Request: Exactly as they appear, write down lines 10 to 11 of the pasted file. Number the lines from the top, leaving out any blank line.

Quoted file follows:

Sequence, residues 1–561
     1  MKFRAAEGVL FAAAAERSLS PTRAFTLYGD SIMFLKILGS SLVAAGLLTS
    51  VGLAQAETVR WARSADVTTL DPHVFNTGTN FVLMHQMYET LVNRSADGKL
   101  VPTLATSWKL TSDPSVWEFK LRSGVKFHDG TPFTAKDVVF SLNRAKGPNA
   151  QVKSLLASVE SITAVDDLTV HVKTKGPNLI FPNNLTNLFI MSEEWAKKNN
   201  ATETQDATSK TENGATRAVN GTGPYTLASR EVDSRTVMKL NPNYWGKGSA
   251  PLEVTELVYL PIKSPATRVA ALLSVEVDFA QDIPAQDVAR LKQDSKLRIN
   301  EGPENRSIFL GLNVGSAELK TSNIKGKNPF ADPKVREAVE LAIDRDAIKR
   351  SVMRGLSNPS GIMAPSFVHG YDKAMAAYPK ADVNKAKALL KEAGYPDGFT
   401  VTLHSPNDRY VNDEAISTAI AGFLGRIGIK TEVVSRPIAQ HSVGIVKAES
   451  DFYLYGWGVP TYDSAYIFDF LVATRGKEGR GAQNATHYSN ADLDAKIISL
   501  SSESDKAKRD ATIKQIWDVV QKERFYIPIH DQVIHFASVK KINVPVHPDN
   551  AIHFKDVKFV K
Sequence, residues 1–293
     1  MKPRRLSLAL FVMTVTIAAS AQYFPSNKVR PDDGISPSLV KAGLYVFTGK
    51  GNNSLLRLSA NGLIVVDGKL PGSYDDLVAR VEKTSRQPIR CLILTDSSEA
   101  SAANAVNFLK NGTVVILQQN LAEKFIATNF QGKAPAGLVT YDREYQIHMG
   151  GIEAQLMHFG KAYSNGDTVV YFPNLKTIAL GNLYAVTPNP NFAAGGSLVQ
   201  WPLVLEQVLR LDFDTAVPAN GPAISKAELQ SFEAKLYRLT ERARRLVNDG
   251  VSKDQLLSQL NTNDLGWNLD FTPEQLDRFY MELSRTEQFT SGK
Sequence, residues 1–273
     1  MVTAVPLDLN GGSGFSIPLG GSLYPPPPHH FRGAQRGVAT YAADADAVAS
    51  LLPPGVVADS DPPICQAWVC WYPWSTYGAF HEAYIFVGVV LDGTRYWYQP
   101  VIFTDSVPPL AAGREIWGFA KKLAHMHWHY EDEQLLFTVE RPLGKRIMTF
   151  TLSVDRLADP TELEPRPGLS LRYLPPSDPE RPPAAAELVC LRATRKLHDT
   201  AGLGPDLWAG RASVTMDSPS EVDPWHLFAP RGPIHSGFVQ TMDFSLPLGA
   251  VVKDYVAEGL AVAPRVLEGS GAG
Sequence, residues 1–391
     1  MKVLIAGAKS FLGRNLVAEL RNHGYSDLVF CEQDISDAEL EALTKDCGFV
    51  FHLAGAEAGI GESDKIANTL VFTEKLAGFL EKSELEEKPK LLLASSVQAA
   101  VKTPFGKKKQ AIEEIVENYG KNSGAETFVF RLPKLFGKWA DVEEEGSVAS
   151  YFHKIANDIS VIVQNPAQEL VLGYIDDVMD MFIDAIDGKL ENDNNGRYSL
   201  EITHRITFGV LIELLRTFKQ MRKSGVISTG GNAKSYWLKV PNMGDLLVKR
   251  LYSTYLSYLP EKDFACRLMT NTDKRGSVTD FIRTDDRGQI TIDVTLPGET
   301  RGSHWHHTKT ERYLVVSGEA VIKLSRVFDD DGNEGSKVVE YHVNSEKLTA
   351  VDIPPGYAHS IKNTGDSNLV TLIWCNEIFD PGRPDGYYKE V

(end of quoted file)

   401  VTLHSPNDRY VNDEAISTAI AGFLGRIGIK TEVVSRPIAQ HSVGIVKAES
   451  DFYLYGWGVP TYDSAYIFDF LVATRGKEGR GAQNATHYSN ADLDAKIISL